How Scientists Stopped Light Dead For a Whole MinuteS

Of all the things you might choose to halt in its tracks, the world's fastest—light—might not be at the top your list. Clearly, you don't have the ambition of the team of scientists who just managed to stop it dead—for a whole minute.

In a vacuum, light usually travels at just under a bewildering 300 million metres per second. Teams have attempted to stop it in the past: first they slowed it to just 17 metres per second in 1999 and then stopped it for a fraction of a second two years later.

Now, though, a team from University of Darmstadt has managed to stop light for an entire minute. So how'd they do it? Well, not easily, that's for sure. First, they took an opaque crystal and fired lasers into it to disturb the quantum states of the atoms within. By creating two quantum states within those atoms, they were able to make the originally opaque material transparent to a tightly defined frequency range of light.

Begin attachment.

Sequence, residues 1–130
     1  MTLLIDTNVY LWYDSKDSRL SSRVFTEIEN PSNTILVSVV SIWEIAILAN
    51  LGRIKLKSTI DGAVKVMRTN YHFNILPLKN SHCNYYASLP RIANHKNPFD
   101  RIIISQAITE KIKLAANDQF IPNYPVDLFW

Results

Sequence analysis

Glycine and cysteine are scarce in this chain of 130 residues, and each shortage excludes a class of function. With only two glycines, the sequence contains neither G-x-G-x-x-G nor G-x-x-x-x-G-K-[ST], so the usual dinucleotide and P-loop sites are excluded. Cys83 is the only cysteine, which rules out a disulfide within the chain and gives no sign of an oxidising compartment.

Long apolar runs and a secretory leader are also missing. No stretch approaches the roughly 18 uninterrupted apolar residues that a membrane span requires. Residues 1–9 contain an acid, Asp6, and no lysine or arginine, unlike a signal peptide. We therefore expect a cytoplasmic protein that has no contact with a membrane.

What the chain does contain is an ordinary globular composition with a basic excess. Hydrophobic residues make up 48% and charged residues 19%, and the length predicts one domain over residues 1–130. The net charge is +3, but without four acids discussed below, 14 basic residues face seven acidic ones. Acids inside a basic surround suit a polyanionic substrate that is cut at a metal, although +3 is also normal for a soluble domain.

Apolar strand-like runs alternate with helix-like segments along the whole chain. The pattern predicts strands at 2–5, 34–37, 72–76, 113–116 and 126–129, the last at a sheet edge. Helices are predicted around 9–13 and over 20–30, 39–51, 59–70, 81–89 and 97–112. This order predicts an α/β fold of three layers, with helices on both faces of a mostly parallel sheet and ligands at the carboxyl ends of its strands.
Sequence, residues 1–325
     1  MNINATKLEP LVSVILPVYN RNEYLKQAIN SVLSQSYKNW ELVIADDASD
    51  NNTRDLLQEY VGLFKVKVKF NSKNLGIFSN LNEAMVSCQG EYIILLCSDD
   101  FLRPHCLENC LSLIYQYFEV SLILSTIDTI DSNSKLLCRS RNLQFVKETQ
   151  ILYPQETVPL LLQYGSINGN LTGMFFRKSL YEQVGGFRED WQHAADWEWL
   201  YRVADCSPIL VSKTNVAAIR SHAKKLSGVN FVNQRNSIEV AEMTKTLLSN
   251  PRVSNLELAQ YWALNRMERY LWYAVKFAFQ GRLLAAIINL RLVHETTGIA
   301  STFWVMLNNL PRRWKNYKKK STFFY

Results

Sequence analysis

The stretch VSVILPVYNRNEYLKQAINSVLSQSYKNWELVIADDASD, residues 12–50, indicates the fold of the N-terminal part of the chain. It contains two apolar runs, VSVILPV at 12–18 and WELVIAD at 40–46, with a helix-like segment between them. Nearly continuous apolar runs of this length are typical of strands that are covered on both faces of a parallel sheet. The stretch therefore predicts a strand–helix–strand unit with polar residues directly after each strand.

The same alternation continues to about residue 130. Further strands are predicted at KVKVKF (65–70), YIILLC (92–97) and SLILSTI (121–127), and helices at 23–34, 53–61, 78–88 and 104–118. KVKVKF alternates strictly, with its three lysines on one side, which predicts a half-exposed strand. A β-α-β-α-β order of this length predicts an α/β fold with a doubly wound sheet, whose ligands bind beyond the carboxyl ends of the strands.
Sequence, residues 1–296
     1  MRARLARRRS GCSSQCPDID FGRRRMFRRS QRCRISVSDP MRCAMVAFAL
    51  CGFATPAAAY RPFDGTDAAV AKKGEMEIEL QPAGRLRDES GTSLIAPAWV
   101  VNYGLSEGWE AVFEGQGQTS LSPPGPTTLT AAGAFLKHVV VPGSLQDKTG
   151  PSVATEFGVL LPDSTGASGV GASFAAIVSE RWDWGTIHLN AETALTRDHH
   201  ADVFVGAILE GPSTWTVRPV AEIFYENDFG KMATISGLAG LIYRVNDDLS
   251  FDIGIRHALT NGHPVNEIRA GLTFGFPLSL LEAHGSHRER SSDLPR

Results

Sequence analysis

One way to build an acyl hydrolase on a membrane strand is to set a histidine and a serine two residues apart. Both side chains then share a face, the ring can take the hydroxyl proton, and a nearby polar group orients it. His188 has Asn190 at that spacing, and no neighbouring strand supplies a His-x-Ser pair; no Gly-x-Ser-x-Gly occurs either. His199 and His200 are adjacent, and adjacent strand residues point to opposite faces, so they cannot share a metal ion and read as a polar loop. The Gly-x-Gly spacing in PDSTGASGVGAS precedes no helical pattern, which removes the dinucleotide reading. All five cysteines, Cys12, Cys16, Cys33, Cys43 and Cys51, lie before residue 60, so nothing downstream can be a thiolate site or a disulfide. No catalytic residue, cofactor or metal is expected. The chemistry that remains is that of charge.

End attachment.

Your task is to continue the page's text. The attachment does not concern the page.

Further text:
Then, they shot another laser beam of the right frequency through that newly transparent region, before turning off the disturbing laser beam to make the material once more opaque. The result: a laser beam, halted within the material. The beam was held in place for a whole minute—enough time for it to travel 18 million kilometers, or 20 round trips to the moon, if it had been left unimpeded.

Interestingly, they were also able to store—and then retrieve—an image using the same technique (OK, three stripes, but still...). That suggests that data can be stored in a stationary light beam, a trick which is required to make something known as a quantum repeater, the missing piece of the puzzle in creating a true quantum internet. If the scientists can use the knowledge to make such a thing, the future of the internet just got super, super quick—unlike some of the light that will be fueling it. [Physical Review Letters via New Scientist]

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